Using Project Management Tools in the Writing Classroom

It’s 11:45 pm and my phone starts buzzing. Half asleep, I reach for it, worried there’s an emergency. Instead, I see a long series of comments from students in one of my classes, working through the details of a research question one of them is pursuing. I turn off the notifications and go back to bed, wondering why so many students do their writing in the middle of the night.

This semester, I opted to use #slack as a management tool for my writing classes in an effort to reduce student-email fatigue. At first, it was selfish – if one student posted a question about the class in a common space, then I wouldn’t have to answer it in multiple, individualized emails (which usually began, “On page X of the syllabus, you’ll see…”). Though I’ve used discussion boards in the past for this purpose, I find that students don’t use them because the boards often feel separate from the other work we do as a class. (Like a syllabus, you have to consciously go look for the information, which is not as easy as dashing off a one-sentence email to your professor.) Using #slack as the main communication forum, though, means that students, hypothetically, are regularly engaged with the conversations taking place. In essence, unless they completely ignore the tool (which would mean ignoring most of the class), they are kept in the know by default.

But in the past week (and particularly last night), I’ve noticed that something else is happening. Students are collaborating and communicating with one another about their writing projects not because I’ve required them to, but because they want to. They are genuinely engaged with one another’s work and the degree to which this is happening is unlike anything I’ve seen in my classes before.

To back up a bit, #slack is a free project management tool that can be used on a mobile device (hence my phone buzzing at 11:45 pm) or via a web browser. It’s private; as the instructor, I set up the space with a unique URL and only those who have that URL can access it. Like many social platforms, it’s fairly intuitive. I create a channel related to a specific subject (e.g., “litreviewrqs” for literature review research questions) and then any questions or comments related to that topic can be posted within it. Replying to each comment creates a thread, within which conversations take place. Each channel is both a conversation space and an archive.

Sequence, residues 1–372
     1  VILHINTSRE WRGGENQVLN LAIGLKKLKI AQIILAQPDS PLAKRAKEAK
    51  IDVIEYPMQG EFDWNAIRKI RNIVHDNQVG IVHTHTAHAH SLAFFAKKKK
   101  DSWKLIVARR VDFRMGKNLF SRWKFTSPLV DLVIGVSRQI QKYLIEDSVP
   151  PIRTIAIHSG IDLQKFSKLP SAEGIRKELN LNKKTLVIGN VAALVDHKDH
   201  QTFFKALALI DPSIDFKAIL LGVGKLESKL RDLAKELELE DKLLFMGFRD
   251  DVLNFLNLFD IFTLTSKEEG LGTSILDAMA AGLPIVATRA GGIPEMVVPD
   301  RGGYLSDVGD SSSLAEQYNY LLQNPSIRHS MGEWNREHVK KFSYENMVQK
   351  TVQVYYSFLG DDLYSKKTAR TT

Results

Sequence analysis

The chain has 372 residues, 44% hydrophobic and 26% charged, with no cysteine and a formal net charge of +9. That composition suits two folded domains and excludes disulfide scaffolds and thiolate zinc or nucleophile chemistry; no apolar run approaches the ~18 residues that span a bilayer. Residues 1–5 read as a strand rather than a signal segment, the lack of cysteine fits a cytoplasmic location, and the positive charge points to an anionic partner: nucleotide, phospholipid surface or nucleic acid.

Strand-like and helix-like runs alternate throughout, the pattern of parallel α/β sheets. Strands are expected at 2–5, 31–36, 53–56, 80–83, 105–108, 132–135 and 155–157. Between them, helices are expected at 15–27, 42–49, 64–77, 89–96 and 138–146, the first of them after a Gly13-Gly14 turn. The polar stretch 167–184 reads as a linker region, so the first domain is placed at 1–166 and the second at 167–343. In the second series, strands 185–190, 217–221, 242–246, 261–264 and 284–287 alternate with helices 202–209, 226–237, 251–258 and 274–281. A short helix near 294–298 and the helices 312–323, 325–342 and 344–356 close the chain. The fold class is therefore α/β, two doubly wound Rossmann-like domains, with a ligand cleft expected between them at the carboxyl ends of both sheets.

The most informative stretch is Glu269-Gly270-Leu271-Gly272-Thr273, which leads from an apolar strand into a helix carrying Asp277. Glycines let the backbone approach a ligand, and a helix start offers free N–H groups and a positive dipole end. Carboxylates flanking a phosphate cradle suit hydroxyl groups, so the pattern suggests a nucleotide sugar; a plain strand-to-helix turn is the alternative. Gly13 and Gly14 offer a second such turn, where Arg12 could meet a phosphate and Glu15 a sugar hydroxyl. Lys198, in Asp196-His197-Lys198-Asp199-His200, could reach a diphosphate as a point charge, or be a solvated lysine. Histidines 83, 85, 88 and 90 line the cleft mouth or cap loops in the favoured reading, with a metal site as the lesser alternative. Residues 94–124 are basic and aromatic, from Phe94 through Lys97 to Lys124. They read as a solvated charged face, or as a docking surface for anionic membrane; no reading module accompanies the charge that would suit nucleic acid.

Though it took a week or so for us all to get used to the platform, its use kicked off when I asked students to post their working research questions for the upcoming literature review assignment. Not only did students comment on whether or not one another’s questions seemed answerable, they asked critical questions about the areas of inquiry – in many cases helping one another refine their questions early on. Rather than end there, the conversations have continued within the thread – students are sharing source information that might be useful, they are asking follow-up questions related to what they are finding in their literature searches, and even clarifying terminology. In short, they have started to build a knowledge community that doesn’t have me, the professor, at the center.

Since the classes I’m using this with are both online, the virtual platform alone is helpful in building a multi-directional flow of information, rather than the uni-directional flow I often feel happens in online learning. The immediacy of it, as well, helps us feel connected in a central space. But as I watch how students are collaborating in a constructive way, I am thinking about how this can translate to face-to-face courses.

All of this is not to say there aren’t hidden or explicit challenges to the platform. I don’t, for example, have any students this semester for which #slack would pose accessibility issues – though I can foresee that being a potential problem. Being an online class, also, it was a prerequisite that students have regular internet access to take the course. Face-to-face courses don’t necessarily have such requirements. But I’m excited to explore the use of this tool in my autumn classes to see if the positive, communal effect persists. If you have used #slack (or a similar tool), what have been your experiences?

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